Our results show a lack of qualitative analysis of online dis/misinformation related to COVID-19 impacting Black people, as only four qualitative studies have been conducted globally [33,41,44,47]. Knowledge has so far been overwhelmingly produced in African countries. Only five of the included studies [31,32,40,43,45] are from outside of Africa and all are based in the United States. There is a gap concerning knowledge in other settings globally, including Canada. There are opportunities in North American and other Western countries with large Black populations to draw lessons learned in African countries to address domestic racially targeted COVID-19 disinformation and misinformation.

Additionally, knowledge is lacking with respect to the impact and implications of online dis/misinformation, including the extent to which false information informs people’s adherence to public health measures. Though data are emerging concerning the psychological and practical impacts of online dis/misinformation related to COVID-19 [6163], a gap remains concerning racially disaggregated data. Future research may consider the theoretical and practical implications of disinformation and misinformation related to COVID-19 on Black people and other demographics globally.


This review sought to synthesize current research and identify instances of COVID-19 online disinformation among Black populations in Africa and the African diaspora, identify measures to address COVID-19 disinformation in Black communities, and identify gaps for future research on pandemic disinformation among Black people. Existing knowledge surrounding online dis/misinformation related to COVID-19 can be organized into six themes: theories on the origin of COVID-19; theories on transmission, prevention, and treatment of COVID-19; theories on speculation of race immunity against COVID-19; distrust in government and health organizations; intervention research and programming; and knowledge about how dis/misinformation is spread through online vehicles. The findings suggest a need for more qualitative data concerning Black people’s experiences with online dis/misinformation related to COVID-19.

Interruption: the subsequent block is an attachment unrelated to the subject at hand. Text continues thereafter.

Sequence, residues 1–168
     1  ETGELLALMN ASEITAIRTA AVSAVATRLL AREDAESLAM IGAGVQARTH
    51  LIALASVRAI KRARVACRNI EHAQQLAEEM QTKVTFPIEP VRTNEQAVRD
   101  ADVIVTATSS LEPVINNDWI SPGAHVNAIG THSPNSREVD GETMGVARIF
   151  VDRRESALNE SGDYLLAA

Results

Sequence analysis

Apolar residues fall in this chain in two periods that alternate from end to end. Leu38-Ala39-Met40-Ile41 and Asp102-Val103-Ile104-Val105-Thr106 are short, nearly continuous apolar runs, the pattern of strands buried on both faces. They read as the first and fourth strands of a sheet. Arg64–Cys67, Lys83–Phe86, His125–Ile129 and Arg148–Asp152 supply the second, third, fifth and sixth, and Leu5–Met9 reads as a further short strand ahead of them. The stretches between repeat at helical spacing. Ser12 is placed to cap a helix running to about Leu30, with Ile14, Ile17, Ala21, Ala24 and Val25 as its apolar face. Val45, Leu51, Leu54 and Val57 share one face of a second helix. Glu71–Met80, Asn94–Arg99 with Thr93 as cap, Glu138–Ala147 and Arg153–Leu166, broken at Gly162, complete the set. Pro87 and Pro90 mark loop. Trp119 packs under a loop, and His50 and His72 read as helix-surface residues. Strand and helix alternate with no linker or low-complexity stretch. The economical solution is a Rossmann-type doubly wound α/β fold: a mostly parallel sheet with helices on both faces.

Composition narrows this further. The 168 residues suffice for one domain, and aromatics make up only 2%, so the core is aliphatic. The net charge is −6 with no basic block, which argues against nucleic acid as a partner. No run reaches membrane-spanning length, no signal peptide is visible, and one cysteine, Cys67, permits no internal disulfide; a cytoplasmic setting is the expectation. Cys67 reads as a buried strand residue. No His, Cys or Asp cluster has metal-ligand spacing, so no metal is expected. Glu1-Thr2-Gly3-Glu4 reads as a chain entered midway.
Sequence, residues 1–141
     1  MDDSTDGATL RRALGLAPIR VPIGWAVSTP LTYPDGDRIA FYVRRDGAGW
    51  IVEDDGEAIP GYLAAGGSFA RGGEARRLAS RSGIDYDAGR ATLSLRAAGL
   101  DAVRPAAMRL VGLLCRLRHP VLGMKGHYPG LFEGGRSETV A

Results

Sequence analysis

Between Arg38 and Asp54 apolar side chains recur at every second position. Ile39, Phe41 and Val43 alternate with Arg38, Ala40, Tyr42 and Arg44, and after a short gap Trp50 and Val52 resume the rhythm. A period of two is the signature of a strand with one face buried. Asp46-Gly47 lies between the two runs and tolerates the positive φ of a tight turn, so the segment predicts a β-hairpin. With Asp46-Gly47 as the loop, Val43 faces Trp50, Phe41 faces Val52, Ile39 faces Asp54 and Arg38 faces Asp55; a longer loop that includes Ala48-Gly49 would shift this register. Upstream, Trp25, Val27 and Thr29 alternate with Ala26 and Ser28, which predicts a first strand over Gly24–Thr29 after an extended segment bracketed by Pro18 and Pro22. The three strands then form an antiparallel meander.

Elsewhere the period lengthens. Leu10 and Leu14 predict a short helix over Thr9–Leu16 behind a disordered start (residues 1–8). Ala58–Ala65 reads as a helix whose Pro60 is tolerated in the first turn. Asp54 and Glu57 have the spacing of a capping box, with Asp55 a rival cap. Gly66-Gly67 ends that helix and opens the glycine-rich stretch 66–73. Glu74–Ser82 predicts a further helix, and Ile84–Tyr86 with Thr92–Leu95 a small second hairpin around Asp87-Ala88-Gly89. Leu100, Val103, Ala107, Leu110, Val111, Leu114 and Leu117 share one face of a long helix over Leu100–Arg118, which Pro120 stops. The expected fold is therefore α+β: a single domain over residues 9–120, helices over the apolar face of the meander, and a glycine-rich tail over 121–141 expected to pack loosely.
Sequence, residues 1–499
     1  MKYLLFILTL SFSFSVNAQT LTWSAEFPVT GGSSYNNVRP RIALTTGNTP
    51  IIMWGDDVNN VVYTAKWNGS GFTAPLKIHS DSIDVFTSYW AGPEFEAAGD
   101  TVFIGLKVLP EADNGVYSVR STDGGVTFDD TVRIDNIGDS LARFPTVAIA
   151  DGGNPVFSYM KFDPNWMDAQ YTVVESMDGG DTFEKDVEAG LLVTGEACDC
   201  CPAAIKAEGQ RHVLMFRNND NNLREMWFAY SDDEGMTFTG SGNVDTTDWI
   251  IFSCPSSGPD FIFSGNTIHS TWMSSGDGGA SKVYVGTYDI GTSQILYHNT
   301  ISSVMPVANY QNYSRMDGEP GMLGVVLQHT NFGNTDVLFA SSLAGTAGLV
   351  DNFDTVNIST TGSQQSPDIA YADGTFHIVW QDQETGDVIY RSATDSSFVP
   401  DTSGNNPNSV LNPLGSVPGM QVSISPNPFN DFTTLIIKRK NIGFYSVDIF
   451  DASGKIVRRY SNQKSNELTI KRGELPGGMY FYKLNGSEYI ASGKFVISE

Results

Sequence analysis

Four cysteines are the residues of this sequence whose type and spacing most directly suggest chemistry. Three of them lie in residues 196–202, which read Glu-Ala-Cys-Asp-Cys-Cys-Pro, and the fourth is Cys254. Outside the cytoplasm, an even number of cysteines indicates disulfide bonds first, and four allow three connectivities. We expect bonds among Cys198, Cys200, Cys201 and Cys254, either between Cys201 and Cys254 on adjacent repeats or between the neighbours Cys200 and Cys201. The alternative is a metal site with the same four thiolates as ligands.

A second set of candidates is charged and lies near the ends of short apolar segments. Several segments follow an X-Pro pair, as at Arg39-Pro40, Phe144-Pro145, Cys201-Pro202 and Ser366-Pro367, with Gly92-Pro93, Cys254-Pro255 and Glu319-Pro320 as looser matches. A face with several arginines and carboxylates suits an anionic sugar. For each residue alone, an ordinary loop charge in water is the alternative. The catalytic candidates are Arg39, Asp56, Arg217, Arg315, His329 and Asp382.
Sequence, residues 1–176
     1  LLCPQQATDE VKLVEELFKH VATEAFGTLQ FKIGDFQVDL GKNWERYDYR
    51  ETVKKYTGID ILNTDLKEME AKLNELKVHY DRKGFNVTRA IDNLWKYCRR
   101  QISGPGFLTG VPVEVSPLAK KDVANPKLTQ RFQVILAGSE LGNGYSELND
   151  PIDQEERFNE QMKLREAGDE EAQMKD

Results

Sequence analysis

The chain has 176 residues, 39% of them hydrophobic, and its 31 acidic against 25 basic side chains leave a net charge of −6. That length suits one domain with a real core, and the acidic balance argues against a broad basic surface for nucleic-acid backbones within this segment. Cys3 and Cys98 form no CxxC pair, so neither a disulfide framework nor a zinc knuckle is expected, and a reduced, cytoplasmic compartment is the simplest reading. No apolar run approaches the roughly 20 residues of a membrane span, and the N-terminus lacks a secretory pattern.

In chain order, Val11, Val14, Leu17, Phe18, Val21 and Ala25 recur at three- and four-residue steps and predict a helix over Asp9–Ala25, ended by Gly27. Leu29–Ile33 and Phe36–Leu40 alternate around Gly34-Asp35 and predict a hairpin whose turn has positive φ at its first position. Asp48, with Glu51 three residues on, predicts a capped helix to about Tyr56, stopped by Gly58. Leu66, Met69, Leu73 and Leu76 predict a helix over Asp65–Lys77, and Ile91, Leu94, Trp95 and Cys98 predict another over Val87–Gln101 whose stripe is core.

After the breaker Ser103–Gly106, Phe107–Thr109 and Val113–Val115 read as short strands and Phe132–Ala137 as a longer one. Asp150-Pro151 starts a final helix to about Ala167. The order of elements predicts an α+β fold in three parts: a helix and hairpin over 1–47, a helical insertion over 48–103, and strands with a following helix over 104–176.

Additional material

Online Supplementary Document

[1] Funding: This project is funded by the Government of Canada, Department of Heritage Digital Citizenship Program.

[2] Authorship contribution: JK, MK, and MT searched the literature. DA, JK, and MT selected the articles, analysed the data, and drafted the manuscript. DA resolved conflicts during the selection of articles. BK advised extensively on the method, analysis, and discussion. All co-authors edited several versions and approved the final manuscript.

[3] Competing interests: The authors have completed the ICMJE Competing Interest Form (available upon request from the corresponding author) and declare no conflicts of interest.


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Correspondence to:
Janet Kemei
Postdoctoral Fellow
University of Alberta
Faculty of Nursing
Edmonton Clinic Health Academy
University of Alberta
[email protected]